When political pressure led to the centre of Bauhaus art leaving Weimar, a new building designed by Walter Gropius, the institution’s founder, was built in Dessau to be the movement’s new home.

Nowadays, the Bauhaus Building in Dessau remains the spiritual home of the movement and is home to a museum that shows off some the era’s most stunning creations.

10. Dress up at Karneval

If you want to see what millions of Germans are like when they let their hair down – then go to the carnival in Cologne (or one of the other places it is celebrated).

Every year in February, millions of revellers take to the streets dressed in wacky attire to celebrate the ancient springtime festival.

READ ALSO: What you need to know about celebrating carnival in Germany

Cologne has the biggest carnival celebration in Germany, followed by Dusseldorf and Mainz. The celebrations in these big cities and all over the Rheinland are full of colourful costumes, a lot of alcohol, joyful songs, and crazy parties. 

11. Have a Glühwein at a Christmas market

Germany’s Christmas markets are known all over the world for their magical festive atmosphere and charming stalls selling handicrafts and tasty treats.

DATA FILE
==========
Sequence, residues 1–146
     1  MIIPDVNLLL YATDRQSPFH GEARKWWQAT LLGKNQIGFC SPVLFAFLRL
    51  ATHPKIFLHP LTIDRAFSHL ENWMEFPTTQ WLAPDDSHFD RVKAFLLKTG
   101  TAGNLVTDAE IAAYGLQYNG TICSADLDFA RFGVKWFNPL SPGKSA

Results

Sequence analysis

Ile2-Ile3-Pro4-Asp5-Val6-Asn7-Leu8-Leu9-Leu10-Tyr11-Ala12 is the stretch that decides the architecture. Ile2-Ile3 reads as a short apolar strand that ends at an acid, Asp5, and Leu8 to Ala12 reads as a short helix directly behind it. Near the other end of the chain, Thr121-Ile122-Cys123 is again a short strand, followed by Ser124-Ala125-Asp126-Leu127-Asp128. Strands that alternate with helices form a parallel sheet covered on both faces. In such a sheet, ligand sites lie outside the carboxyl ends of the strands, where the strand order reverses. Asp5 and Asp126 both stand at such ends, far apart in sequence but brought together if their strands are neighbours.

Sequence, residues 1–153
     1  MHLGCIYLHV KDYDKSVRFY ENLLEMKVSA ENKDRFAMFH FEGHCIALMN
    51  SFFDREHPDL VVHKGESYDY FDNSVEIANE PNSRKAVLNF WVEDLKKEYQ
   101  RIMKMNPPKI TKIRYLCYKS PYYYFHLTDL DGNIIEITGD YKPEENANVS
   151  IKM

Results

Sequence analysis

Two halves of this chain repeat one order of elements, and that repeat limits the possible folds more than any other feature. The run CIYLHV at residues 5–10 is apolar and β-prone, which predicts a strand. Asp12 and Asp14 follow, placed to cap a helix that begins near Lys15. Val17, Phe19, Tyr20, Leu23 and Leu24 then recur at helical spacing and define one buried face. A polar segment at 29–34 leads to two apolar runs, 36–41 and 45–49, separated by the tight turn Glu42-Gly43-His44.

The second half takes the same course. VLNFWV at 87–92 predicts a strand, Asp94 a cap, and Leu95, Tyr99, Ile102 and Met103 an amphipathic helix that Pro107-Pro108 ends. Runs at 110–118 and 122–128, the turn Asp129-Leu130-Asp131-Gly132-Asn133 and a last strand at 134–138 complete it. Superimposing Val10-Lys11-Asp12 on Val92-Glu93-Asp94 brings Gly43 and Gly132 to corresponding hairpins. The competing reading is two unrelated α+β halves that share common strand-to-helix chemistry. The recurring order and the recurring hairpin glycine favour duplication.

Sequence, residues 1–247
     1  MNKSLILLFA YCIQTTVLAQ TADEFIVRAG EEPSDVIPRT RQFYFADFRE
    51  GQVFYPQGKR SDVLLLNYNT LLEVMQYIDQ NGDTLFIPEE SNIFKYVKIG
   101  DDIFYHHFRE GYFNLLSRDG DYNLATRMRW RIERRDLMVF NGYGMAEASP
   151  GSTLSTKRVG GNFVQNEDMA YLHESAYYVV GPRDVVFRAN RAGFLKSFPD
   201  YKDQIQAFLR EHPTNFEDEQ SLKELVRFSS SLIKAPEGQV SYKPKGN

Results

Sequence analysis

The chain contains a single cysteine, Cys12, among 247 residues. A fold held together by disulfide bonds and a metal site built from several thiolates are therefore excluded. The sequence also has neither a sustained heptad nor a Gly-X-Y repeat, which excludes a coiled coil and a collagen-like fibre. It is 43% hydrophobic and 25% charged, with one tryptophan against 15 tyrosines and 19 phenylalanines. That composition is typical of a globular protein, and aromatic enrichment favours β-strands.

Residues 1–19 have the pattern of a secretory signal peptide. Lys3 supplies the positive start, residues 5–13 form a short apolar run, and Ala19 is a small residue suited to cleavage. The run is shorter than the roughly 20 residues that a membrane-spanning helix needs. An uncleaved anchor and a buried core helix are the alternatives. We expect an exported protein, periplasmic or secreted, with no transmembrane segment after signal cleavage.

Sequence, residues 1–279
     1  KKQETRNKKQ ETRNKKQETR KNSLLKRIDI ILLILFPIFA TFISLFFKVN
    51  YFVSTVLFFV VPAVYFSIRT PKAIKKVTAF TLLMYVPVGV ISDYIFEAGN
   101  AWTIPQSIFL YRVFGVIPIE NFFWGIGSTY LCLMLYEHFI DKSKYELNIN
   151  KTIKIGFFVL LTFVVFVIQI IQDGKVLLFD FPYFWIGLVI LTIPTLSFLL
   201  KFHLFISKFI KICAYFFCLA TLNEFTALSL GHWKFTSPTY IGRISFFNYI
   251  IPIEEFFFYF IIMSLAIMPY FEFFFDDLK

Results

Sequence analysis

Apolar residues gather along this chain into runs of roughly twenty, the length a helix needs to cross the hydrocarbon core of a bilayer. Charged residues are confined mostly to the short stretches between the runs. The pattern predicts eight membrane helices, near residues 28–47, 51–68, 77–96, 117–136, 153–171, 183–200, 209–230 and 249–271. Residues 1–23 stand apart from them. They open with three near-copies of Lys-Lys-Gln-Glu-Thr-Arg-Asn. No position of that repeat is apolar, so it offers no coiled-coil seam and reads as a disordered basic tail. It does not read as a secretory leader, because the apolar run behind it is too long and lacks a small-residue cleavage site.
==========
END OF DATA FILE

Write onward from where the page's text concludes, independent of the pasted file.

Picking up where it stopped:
One of the best of those treats is Glühwein, hot wine cooked with oranges, cinnamon, cloves and usually served in a decorative mug.

12. Order Königsberger Klopse

Forget Currywurst, Käsespätzle and Bretzels – Königsberge Klopse is the ultimate German dish that you have to eat at least once.

The more than 200-year-old recipe comes from Königsberg – the former capital of Prussia and today’s Kaliningrad – and consists of minced meat meatballs, bread, egg, mustard and anchovies (yes – that’s right). Then you let them steep in a meat broth with onions, allspice, bay leaf and pepper. You’ll find it in many traditional German restaurants – and there are even vegan versions.